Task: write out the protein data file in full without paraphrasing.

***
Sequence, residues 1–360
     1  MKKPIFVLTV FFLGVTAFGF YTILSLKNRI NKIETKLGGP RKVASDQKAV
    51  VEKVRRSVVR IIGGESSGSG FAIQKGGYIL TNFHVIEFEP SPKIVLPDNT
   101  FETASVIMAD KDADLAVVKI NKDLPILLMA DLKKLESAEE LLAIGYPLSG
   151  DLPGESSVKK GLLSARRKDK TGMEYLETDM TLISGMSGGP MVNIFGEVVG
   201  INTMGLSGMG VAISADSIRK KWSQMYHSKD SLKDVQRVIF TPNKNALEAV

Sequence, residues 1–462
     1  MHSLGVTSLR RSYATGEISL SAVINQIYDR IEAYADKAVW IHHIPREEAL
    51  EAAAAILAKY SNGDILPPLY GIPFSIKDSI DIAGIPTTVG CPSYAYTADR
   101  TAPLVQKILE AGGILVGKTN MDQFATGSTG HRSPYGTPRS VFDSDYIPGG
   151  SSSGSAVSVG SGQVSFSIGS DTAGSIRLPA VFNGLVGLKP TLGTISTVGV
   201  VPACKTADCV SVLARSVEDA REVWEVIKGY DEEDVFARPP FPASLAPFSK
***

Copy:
Sequence, residues 1–360
     1  MKKPIFVLTV FFLGVTAFGF YTILSLKNRI NKIETKLGGP RKVASDQKAV
    51  VEKVRRSVVR IIGGESSGSG FAIQKGGYIL TNFHVIEFEP SPKIVLPDNT
   101  FETASVIMAD KDADLAVVKI NKDLPILLMA DLKKLESAEE LLAIGYPLSG
   151  DLPGESSVKK GLLSARRKDK TGMEYLETDM TLISGMSGGP MVNIFGEVVG
   201  INTMGLSGMG VAISADSIRK KWSQMYHSKD SLKDVQRVIF TPNKNALEAV

Sequence, residues 1–462
     1  MHSLGVTSLR RSYATGEISL SAVINQIYDR IEAYADKAVW IHHIPREEAL
    51  EAAAAILAKY SNGDILPPLY GIPFSIKDSI DIAGIPTTVG CPSYAYTADR
   101  TAPLVQKILE AGGILVGKTN MDQFATGSTG HRSPYGTPRS VFDSDYIPGG
   151  SSSGSAVSVG SGQVSFSIGS DTAGSIRLPA VFNGLVGLKP TLGTISTVGV
   201  VPACKTADCV SVLARSVEDA REVWEVIKGY DEEDVFARPP FPASLAPFSK